The grave of Charles Dickens is in what is known as Poets' Corner, and his stone is marked with a simple inscription, which was etched out at his own request — instead of an elaborate engraving, he preferred that his works speak for him.

8. David Livingstone

The Scottish explorer David Livingstone died in the middle of Africa in 1873. His heart was buried under a mpundu tree but his body was embalmed and shipped back to London, where it arrived the following year, for burial at the Abbey.

9. William Murray, Lord Mansfield

William Murray was a lawyer and a judge who helped end slavery in England with his decision on Somerset v. Stewart, which found that slavery was unsupported in common law.

10. Laurence Olivier

The ashes of Laurence Olivier, who died in 1989, lie in front of Shakespeare's memorial in Poets' Corner. During his funeral services, attendees heard a recording of the actor himself reading from Henry V.

How 12 Famous Rappers Picked Their Names
Image credit: Stu Rapley, Flickr // CC BY-NC-ND 2.0

What’s in a rap name? If you’re Kanye West or Kendrick Lamar, you don’t have much explaining to do: You’ve already got a one-of-a-kind tag that rolls off the tongue and boasts incredible nickname potential. (We’re looking at you, Yeezy.) But if your given name was, say, Clifford Smith—no disrespect intended, Method Man—you’d probably want to pick something with a little more punch. Here’s how 12 famous rappers settled on their unforgettable stage names.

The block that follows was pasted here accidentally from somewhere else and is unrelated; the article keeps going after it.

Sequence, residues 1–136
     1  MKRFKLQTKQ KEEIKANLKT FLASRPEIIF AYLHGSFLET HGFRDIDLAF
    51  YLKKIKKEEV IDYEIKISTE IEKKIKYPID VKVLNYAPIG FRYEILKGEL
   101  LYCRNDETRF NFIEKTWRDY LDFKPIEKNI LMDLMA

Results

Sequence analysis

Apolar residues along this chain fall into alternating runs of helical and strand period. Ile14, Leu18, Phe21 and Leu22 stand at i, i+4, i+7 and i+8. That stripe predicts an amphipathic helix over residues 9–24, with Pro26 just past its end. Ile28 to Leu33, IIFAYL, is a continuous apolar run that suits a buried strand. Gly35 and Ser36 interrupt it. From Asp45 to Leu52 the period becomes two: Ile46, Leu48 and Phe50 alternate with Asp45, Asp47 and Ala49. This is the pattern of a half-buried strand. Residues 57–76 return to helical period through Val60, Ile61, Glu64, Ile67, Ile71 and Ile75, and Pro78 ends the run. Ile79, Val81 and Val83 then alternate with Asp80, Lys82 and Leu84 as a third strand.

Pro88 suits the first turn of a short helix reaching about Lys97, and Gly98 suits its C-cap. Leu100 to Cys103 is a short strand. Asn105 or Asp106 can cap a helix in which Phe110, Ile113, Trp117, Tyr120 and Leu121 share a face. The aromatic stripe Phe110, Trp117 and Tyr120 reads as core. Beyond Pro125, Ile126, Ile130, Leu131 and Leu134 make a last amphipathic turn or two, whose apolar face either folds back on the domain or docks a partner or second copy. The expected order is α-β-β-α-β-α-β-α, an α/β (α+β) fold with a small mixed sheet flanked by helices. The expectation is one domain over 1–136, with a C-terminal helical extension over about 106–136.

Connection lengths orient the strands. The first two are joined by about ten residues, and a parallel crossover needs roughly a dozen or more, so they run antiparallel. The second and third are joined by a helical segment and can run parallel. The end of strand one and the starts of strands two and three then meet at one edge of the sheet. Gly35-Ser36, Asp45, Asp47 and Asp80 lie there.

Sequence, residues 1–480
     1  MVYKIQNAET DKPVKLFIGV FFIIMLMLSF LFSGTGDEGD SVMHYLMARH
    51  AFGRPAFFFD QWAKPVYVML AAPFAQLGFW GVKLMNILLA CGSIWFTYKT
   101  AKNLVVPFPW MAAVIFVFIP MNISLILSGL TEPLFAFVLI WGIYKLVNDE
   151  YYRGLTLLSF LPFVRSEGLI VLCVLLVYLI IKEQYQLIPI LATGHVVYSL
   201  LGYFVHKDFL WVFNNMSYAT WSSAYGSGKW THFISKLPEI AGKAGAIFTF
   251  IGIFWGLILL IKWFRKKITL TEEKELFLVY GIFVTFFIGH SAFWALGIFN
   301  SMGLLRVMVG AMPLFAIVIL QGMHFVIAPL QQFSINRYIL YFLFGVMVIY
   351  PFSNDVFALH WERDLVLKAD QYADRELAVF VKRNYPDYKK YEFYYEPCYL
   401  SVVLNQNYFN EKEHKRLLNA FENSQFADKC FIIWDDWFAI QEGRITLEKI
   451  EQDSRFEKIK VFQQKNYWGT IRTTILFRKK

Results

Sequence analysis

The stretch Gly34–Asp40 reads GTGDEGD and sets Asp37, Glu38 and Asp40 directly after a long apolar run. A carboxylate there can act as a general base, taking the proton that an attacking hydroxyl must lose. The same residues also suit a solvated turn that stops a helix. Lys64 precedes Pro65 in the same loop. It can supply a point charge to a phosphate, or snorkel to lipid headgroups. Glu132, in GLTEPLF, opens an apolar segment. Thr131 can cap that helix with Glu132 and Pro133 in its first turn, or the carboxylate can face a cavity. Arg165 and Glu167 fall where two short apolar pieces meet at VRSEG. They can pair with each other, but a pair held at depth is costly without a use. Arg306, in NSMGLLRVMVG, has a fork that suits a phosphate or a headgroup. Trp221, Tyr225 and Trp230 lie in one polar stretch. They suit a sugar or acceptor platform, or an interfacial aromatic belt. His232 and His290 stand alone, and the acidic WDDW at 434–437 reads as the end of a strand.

1. Jay Z // Real Name: Shawn Carter

The wordsmith-turned-media mogul has his Brooklyn neighbors to thank for his onstage alter ego. “When I was younger, [I was] laid-back, wouldn’t speak out of turn, just a real cool dude,” he once told MTV. “So the older guys, the OGs from around the way, were like, ‘That’s a jazzy little dude.’” He eventually shortened it to avoid associations with those same eccentric older gentlemen: “They had electric blue suits and jheri curls, and, you know, chains with chest hair ... I just took the J and the Z from Jazzy.”

2. Rick Ross // Real Name: William Leonard Roberts II

The larger-than-life Miami native modeled his identity after notorious L.A. drug kingpin Freeway Rick Ross. (Fun fact: Despite rapper Ross’ tendency to boast about his drug dealing prowess, he actually worked as a corrections officer before making it big.) In 2010, the real Freeway Rick Ross—by then a free man, having served 13 years of a 20-year sentence—filed a $10 million lawsuit against Warner Bros. Records, Universal Music and his now-famous copycat for using his name and identity without permission. The judge ultimately dismissed the suit, which he felt wasn’t filed in a timely enough fashion. (Ross had known about Roberts’ use of his name since 2006, but waited until 2010 to seek damages.)

3. Waka Flocka Flame // Real Name: Juaquin James Malphurs